It would not be surprising for any of these four to win the championship on Sunday, as all have earned the right to compete for the title in the finale.  As for making a pick, it’s nearly impossible to narrow even the small field of these four down to one favorite.

While Busch may be at a slight disadvantage with his less than stellar Homestead record, he has shown through his career he can be a threat anywhere, and that he can be successful at an intermediate track.

Truex is the definite underdog, but he’s a threat for a strong finish any time he cranks his engine at Homestead.

Harvick is, to many the clear favorite, and has earned that distinction with his strong season, particularly at similar circuits, as well as his Homestead record, and his experience in winning the title in this format a year ago.

The numbers don’t favor Gordon as much as the others, but he is the sentimental favorite, as he is trying to finish off the Hollywood ending to one of the greatest careers the sport has ever seen, and ride into the sunset as a five-time champion.  He also has the most recent race win of the four, three weeks ago at Martinsville, and posted the fastest 10-lap average in Saturday’s final practice.

While Sunday’s race will be unpredictable, one thing is for sure:  this crazy NASCAR season is going to have an incredible finish.

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The Day Modern NASCAR Was Born

November 15, 1992 was a historic day on multiple levels for NASCAR, as a race in Atlanta marked the end of the closest points battle at the time in the sport’s history, the end of the career of Richard Petty, and the career debut of Jeff Gordon.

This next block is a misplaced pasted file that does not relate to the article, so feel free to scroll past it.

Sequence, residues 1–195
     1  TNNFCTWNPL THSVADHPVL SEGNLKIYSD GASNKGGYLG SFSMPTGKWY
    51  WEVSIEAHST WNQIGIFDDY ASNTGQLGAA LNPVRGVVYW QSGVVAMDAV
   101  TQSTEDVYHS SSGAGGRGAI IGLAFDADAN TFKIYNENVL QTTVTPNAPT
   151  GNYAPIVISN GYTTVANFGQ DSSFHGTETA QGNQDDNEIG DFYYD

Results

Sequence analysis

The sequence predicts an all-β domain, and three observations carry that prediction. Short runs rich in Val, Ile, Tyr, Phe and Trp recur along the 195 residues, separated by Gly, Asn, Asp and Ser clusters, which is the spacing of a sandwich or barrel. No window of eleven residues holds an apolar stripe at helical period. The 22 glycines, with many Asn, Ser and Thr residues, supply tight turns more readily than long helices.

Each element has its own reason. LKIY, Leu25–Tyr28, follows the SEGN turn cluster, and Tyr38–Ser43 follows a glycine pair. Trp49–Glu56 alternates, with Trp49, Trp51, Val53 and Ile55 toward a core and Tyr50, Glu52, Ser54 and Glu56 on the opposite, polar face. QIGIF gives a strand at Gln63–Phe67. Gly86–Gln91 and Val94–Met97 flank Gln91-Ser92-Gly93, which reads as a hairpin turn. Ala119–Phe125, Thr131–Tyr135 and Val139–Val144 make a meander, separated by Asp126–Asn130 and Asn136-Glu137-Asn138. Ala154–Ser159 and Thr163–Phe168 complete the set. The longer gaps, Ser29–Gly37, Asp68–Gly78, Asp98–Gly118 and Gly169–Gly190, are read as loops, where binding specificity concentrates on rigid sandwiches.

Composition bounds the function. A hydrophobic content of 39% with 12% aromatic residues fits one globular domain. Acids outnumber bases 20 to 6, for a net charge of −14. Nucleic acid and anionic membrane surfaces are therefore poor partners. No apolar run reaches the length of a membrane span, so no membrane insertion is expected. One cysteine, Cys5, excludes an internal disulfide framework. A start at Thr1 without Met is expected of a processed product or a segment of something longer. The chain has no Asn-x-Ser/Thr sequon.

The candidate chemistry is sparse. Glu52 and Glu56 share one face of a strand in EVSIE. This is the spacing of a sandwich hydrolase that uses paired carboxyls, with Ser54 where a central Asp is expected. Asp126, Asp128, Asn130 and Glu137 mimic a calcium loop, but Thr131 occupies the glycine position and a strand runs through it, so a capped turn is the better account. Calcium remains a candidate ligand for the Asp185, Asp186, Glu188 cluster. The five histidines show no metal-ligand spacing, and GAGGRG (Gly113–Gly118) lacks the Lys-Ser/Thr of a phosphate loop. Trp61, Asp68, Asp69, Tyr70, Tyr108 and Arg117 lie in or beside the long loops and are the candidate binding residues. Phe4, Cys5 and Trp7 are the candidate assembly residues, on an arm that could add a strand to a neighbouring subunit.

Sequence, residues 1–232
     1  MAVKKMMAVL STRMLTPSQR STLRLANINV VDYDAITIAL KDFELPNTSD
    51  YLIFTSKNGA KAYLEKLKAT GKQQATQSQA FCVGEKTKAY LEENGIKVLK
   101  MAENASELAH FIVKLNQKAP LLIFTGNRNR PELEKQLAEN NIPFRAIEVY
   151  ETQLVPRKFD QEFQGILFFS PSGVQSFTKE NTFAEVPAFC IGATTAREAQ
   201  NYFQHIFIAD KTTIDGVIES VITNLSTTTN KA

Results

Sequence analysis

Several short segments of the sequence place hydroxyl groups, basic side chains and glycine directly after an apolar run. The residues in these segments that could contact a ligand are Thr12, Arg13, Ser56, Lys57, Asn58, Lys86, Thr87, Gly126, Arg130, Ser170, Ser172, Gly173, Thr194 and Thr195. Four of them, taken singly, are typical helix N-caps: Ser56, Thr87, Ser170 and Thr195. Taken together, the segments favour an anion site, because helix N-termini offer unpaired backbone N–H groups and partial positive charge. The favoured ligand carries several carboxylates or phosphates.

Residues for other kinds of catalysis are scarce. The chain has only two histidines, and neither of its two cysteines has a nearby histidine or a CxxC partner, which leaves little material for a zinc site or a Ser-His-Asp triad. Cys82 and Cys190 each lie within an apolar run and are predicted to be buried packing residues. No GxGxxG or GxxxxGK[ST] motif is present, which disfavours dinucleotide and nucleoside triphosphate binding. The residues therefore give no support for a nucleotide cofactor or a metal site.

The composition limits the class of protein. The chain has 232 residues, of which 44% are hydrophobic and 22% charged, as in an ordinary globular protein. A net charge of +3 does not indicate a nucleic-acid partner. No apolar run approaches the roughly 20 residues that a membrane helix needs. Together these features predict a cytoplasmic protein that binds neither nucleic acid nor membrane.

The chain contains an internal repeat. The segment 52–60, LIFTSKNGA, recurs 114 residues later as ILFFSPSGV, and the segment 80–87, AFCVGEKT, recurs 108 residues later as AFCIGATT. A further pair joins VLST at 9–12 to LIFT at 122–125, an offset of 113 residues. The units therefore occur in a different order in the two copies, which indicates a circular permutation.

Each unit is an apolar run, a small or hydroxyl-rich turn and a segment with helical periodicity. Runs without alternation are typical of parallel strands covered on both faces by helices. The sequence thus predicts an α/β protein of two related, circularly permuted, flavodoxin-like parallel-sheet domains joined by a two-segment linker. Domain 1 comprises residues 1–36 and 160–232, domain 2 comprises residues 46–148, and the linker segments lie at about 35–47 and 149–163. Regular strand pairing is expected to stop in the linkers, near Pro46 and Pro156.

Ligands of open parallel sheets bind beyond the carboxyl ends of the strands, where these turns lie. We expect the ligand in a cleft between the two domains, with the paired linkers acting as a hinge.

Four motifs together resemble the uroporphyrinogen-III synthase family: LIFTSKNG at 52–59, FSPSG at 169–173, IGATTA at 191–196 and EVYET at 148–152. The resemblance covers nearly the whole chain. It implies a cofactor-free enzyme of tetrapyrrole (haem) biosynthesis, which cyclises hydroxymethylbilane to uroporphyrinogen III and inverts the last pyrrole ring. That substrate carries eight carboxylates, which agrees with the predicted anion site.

As fondly as the day is remembered by NASCAR fans, the statement that it was one of the greatest races the sport has ever seen doesn’t do justice to the day and its impact.

No, the date of November 15, 1992, should be remembered as a birthday, because the NASCAR in its modern form was born that afternoon in Georgia.

An Assortment of Storylines

The race was the perfect storm of events, as while Richard Petty, “The King”, was making his final Cup Series start, that arguably wasn’t the biggest storyline.

Six drivers entered the race with a mathematical shot to win the Cup title, with the threesome of Davey Allison, Alan Kulwicki, and Bill Elliott all having realistic chances at the title.  Of course, the storyline surrounding Gordon’s first start wasn’t a big deal until later, as Gordon went on to become one of the best drivers in NASCAR history.

Petty, who won a record 200 races in his illustrious 35-year career, along with a record seven Cup championships (Dale Earnhardt would tie this record in 1994), was 55 years old in 1992, and had not won a race since 1984.  His best finish in his final season had been a modest 15th, and he would finish 26th in the series point standings, but that didn’t stop the fans from adoring him at each track along his “Fan Appreciation Tour,” as they wanted a glimpse of The King’s final season.

In addition to the three main title contenders, Petty’s son Kyle, along with Harry Gant and Mark Martin, had mathematical chances at the title, marking the only time in NASCAR history that six drivers had a chance to win the championship in the season’s final race.  However, unless Allison, Kulwicki, and Elliott all had problems or did poorly in the race, Kyle Petty, Gant, and Martin had no realistic shot.

The three main contenders for the title got to where they were in 1992 in three different ways.

Davey Allison was the son of NASCAR Hall of Famer and 84-time race winner Bobby Allison.  Davey had a rapid rise to NASCAR stardom, winning Rookie of the Year in 1987 after becoming the first rookie to win multiple races, and finishing second to his father at the Daytona 500 the following year.